Loki the trickster,
Loki the shape-shifting blood-brother of Odin,
Loki born of a lightening strike on a leafy island,
Loki the mischief maker, the trouble-maker, the bringer of strife.
Loki was not content to stay at home with his sweet wife Sigyn - he hungered for a deeper darkness that lay far beyond the walls of Asgard. Just like Loki, the witch Angroboda was fair to the eye, but just like Loki, there was a shadow in her heart and it was that shadow which drove her. Under a starless sky, the got three monstrous children together.
The first was Jormungandr, the world serpent. When Odin saw this huge snake with dripping, venomous teeth, he picked it up by the tail and flung it into the sea and there the beast remained - biting his own tail, for he was so long that he encircled the whole world.
The second of Loki's children was a daughter named Hel. She was quite a sight to behold. From the top of her head to her waist, she was flesh and blood like you or I, but from there down she was dead, rotting, green and black decay. When Odin saw her, he banished her to the realm of the dead, that Hel might rule over Hel and there she remained amongst the swirly, grey mists.
The last of Loki's children was a wolf-cub, Fenrir. He was small and furry and seemed sweet and so the Gods decided he could remain in Asgard as their pet. Fenrir ran and gambolled and played in the grass and the Gods laughed as they watched the puppy play.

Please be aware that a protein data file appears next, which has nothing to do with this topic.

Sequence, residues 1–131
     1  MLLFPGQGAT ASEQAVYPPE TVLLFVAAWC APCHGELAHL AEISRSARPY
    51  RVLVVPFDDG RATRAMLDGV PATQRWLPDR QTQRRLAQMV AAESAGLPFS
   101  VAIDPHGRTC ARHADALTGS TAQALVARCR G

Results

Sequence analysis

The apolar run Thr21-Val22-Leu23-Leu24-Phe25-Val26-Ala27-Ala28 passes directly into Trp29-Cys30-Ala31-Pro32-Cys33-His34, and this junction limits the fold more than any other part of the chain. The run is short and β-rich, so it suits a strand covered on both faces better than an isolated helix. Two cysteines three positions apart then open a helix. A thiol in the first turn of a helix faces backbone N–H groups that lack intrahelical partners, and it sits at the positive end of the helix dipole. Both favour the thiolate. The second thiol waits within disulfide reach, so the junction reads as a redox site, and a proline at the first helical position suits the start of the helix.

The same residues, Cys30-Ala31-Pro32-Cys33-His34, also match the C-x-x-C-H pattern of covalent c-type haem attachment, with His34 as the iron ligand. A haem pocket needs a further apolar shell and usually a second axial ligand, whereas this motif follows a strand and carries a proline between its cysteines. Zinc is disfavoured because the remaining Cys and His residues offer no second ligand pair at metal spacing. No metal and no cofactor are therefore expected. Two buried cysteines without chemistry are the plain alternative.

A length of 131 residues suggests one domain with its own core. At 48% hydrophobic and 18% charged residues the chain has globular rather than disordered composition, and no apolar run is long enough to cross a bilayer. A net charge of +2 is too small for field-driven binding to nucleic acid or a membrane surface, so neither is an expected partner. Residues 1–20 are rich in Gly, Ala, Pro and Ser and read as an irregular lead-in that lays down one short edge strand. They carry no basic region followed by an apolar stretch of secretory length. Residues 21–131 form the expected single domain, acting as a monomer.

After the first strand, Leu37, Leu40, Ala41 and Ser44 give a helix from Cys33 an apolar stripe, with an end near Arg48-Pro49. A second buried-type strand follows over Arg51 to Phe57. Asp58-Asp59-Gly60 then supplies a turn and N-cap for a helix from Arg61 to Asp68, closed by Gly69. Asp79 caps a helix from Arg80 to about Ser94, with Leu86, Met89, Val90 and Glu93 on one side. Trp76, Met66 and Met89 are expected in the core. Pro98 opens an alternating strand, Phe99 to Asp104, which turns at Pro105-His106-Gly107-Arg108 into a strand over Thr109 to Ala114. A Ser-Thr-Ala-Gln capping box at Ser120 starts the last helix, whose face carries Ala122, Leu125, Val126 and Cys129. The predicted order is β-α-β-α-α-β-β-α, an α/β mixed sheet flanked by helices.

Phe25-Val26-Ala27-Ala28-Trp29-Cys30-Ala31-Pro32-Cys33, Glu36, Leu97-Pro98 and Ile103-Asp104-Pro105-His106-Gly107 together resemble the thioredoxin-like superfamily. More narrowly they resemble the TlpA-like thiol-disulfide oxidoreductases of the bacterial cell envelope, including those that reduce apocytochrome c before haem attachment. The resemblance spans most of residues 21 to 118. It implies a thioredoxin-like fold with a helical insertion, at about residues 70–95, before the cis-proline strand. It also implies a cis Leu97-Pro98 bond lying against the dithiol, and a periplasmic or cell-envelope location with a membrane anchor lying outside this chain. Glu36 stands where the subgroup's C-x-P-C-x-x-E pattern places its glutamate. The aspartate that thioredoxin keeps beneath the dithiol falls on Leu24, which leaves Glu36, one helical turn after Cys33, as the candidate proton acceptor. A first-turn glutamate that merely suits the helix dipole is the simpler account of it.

But as time passed, they saw Fenrir grow and grow until soon he was eating a whole sheep for breakfast. Soon enough, only Tyr - the God of War - was brave enough to feed him and Odin, unsure of the consequences of keeping this child of Loki's, went to consult the Norns.
"You kept the wolf cub and now you are afraid," said Urd.
"Fenrir-Wolf is great and strong," said Verdani.
"He will swallow the sun, Odin Allfather," whispered Skuld, "he will swallow the sun and then he will destroy you."
A council was called and the Gods discussed what they could do with the wolf. No blood could be spilt on Asgard soil, so simply killing the wolf (with arrows, from a great distance of course!) was mentioned. There was no easy solution - the wolf wouldn't go of his own accord and he mustn't know how powerful he would become.
Eventually the Gods came up with a plan of trickery and cunning. They found a great chain called Laeding, with rings as thick as Thor's hammering-arm and they gathered around the wolf.
"Fenrir, wolf cub, child of Loki come and test your strength for us," cooed Odin, offering the wolf the chain.
Fenrir sniffed the metal and snarled, but he nodded and allowed himself to be bound from the tip of his nose to the tip of his tail.
Asgard held its breath as Fenrir yawned and stretched and crack, crack, crack, the rings of the chain burst apart.
"You'll have to do better than that to beat me," snarled the wolf and sauntered away into the trees.